Asian Insider

Edtech at a crossroads: Asia's new era of learning

The education technology boom in Asia during the height of the Covid-19 pandemic appears to be easing off, forcing some like Indian edtech firms to reinvent their roles. But there is room yet for the industry to grow as demand for edtech is set to grow, given that it opens up new learning opportunities for young people and adults alike.

Edtech firms in India set for shake-up of sector

While most businesses took a hit during the Covid-19 pandemic, Indian firm BYJU'S grew to become the world's largest edtech company.

The company's virtual lessons in maths and science had since 2011 supplemented in-school classes for students, but as the pandemic shut schools across India, edtech firms stepped in to plug gaps in conventional education that struggled to move online.

Private online classes became a necessary go-to for those who could afford it, and BYJU'S, as an early player, reaped the benefits. In June 2020, the firm's valuation jumped to a decacorn status - companies valued at more than US$10 billion (S$14 billion) - as parents flocked to edtech offerings.


'Out of the box' learning with Indonesian start-ups

Indonesian housewife Delores Mia Monorica, 43, began to use a one-year animation learning package by education technology (edtech) start-up Ruangguru in July to help her eldest daughter, Ibrenna Mirkaela Simanjuntak, study at home.

Earlier the same month, eight-year-old Mirkaela quit formal education before she was to start her third year in primary school to be home-schooled, as her parents want her to focus on character building and study according to her talents and interest.

Now, every day, she watches short videos, which teach mathematics and Bahasa Indonesia through storytelling, and does exercises for around an hour. Her other activities include reading, writing and drawing. She learns to read in English using an app called Epic.


Online tools to keep enhancing learning in Singapore

Students and teachers had to quickly pivot to home-based learning (HBL) when the Covid-19 pandemic struck in 2020 but the switch to digital learning platforms is not likely to slow down.

Although face-to-face lessons have now resumed, teachers have retained the use of technology in classrooms by using online tools like Slido, with its live polls and quizzes, and the virtual bulletin board Padlet to make learning more interactive.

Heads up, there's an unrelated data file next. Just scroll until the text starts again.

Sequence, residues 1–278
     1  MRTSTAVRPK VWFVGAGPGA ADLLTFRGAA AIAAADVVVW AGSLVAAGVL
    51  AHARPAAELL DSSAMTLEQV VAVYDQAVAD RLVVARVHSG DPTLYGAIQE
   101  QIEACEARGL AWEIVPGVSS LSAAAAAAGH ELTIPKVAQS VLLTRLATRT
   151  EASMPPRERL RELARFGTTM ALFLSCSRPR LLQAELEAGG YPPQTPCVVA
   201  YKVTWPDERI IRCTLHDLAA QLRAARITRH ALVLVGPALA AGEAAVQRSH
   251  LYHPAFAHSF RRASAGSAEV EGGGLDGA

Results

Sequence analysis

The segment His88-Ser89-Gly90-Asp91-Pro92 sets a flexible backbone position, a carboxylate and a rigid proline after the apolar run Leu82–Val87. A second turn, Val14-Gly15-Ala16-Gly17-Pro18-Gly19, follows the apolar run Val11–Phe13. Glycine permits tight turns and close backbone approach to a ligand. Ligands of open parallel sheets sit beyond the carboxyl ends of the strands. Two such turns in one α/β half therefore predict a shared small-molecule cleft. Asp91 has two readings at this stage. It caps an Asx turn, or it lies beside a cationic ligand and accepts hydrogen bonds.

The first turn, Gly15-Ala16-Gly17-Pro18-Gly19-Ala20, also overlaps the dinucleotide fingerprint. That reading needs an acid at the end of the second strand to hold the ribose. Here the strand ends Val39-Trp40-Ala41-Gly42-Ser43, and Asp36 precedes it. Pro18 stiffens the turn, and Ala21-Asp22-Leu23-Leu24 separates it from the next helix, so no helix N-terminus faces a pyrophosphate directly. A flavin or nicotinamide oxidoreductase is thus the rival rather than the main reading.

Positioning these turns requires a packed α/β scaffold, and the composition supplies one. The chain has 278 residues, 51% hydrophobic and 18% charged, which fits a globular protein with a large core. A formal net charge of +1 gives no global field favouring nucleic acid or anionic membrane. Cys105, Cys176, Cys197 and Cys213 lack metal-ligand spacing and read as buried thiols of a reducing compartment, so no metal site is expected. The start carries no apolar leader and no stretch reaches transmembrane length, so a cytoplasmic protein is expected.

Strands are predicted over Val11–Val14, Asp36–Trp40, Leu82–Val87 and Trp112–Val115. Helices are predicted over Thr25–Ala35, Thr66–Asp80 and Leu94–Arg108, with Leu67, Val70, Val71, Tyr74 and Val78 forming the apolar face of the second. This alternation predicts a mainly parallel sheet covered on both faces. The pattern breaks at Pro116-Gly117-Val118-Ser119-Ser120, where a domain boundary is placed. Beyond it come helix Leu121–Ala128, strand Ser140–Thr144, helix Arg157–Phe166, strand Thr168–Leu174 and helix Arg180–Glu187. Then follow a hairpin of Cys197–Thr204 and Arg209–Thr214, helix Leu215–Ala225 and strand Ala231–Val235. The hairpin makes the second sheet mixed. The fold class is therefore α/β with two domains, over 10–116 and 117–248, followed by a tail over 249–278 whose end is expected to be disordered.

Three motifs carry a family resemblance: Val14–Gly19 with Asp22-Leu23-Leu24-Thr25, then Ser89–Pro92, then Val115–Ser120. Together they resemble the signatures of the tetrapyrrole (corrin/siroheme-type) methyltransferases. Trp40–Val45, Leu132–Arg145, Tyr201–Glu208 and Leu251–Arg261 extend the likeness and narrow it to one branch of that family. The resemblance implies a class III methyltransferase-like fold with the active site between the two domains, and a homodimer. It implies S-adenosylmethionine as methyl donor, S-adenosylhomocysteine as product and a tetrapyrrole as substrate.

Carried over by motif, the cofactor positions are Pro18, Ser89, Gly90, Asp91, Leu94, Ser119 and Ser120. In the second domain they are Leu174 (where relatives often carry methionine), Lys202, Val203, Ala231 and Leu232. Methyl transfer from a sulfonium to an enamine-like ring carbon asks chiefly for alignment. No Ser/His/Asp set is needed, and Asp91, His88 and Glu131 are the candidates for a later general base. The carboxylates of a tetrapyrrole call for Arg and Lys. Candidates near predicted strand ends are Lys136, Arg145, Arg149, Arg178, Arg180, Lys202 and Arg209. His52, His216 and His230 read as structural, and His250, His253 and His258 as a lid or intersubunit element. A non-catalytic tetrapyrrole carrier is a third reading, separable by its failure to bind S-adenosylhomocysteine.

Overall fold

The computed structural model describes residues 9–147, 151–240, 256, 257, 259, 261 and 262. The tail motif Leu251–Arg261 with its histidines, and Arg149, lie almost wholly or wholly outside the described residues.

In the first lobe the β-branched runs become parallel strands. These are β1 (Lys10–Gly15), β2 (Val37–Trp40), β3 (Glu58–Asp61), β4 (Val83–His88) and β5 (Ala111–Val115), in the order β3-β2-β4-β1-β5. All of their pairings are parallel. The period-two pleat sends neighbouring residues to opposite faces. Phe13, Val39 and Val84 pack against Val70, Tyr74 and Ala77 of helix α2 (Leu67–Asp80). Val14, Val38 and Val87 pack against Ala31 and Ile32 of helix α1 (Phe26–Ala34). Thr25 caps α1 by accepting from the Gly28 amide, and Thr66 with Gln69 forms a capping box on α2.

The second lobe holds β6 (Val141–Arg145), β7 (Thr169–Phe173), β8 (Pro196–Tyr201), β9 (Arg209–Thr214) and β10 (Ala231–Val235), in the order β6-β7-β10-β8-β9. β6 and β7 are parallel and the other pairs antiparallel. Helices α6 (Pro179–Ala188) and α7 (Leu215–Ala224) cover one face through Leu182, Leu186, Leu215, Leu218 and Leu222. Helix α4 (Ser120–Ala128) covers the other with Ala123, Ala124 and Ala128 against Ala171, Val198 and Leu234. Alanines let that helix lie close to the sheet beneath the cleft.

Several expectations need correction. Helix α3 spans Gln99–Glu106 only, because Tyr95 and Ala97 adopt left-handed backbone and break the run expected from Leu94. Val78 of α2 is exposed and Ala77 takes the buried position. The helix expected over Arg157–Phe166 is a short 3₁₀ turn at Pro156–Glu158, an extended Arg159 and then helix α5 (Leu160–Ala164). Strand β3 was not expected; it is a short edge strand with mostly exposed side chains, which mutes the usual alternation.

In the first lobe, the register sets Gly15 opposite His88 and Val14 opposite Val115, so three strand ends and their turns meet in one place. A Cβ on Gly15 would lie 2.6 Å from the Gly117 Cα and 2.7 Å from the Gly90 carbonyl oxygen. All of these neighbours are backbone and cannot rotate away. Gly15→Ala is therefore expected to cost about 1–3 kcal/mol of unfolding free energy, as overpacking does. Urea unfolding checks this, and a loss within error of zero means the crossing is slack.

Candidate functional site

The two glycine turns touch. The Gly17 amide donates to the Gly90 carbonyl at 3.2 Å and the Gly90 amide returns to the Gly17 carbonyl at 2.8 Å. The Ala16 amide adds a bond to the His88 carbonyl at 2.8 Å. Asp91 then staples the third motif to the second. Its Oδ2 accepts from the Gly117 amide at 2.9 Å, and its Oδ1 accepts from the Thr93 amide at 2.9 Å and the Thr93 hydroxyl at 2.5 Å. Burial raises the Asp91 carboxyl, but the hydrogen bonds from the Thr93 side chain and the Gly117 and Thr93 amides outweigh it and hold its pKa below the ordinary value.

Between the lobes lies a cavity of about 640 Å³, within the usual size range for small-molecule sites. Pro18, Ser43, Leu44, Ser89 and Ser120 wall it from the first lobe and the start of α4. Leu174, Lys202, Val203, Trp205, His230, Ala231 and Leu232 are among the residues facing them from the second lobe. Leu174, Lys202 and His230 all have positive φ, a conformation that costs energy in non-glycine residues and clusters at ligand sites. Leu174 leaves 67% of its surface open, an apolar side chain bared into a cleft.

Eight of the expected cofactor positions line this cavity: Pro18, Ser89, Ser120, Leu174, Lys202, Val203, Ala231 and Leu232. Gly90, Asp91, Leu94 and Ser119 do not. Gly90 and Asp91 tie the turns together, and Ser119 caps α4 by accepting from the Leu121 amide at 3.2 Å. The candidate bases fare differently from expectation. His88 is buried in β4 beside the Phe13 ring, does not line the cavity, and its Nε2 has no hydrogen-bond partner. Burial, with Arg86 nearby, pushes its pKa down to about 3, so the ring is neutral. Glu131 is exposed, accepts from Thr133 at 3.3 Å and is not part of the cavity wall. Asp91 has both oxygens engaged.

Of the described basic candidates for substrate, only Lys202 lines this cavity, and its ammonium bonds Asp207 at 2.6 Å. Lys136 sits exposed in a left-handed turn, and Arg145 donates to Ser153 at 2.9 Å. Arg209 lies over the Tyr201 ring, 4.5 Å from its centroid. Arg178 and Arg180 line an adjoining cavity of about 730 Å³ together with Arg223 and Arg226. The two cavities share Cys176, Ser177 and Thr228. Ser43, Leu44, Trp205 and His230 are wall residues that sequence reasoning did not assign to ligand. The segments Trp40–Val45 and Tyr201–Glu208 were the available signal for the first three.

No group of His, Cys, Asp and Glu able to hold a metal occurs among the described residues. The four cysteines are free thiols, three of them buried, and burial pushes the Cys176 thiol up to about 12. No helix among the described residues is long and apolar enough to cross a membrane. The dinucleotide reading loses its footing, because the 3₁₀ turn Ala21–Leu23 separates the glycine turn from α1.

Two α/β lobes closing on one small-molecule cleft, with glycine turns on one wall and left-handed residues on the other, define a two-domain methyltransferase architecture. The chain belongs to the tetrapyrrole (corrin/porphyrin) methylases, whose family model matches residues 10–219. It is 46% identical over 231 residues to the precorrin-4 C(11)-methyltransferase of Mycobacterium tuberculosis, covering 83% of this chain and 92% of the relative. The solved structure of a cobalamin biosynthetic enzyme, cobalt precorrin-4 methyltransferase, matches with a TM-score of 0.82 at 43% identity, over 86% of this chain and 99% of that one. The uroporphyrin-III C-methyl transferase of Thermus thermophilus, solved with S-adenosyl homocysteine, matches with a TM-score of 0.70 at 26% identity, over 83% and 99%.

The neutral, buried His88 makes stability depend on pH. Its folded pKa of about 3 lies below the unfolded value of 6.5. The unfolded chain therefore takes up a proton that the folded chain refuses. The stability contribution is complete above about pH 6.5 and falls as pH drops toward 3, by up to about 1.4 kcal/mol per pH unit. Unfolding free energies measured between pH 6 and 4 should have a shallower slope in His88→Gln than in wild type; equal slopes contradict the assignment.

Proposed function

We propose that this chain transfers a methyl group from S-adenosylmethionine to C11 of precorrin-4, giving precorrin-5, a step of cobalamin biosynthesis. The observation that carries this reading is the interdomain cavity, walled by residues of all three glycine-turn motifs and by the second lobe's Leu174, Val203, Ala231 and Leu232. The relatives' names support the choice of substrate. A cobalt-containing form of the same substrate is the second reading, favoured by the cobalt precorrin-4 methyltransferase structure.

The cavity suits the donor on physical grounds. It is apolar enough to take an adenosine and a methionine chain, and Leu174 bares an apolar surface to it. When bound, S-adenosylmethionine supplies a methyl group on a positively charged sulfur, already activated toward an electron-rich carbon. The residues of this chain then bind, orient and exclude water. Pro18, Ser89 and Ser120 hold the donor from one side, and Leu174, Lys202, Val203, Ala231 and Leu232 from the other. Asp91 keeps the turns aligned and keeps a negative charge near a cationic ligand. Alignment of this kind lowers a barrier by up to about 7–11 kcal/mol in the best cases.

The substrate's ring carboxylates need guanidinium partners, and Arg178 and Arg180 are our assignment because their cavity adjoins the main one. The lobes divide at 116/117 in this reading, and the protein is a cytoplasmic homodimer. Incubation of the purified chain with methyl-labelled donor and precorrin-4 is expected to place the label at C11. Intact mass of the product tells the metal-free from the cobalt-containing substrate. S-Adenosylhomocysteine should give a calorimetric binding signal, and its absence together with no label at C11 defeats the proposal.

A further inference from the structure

The plan to take Singapore's classrooms into the digital age took root in 1997 when the Thinking Schools, Learning Nation initiative was rolled out.

The focus was towards integrating technology in the classrooms.


In education-obsessed South Korea, edtech is a $10b business

If a student is stumped by a maths problem, South Korean start-up Mathpresso can help.

Founded in 2015, the company operates Qanda (literally "Q and A"), a learning app powered by artificial intelligence (AI).

The student needs only to scan a photo of the problem and the app's cutting-age technology will search for the right answer.

Riiid, another start-up, uses AI to help users prepare for the Test of English for International Communication, an international English proficiency test for non-native speakers, while Alux, also a start-up, uses robots to teach coding.


Some edtech firms in China rebound after crackdown

Following a clampdown on the educational technology industry last year to reduce inequality, e-tutoring companies that had profited hugely from parents wanting their children to shine have either folded or pivoted to other businesses like selling agricultural produce through live streaming.

Others are looking at ways to quietly restart operations given continued demand for such services, driven by flash Covid-19-linked lockdowns that have resulted in classes moving online.

In a shock move in July last year, the Chinese government announced new rules that require companies tutoring in core school subjects to restructure into not-for-profit ones while also banning foreign investment in the sector.

The policy was aimed at reducing students' workloads and easing parents' financial burdens, the government said. This came after the industry had become rife with unscrupulous practices such as false advertising, over-promising of results, and excessive pricing which meant the most underprivileged children were increasingly excluded.


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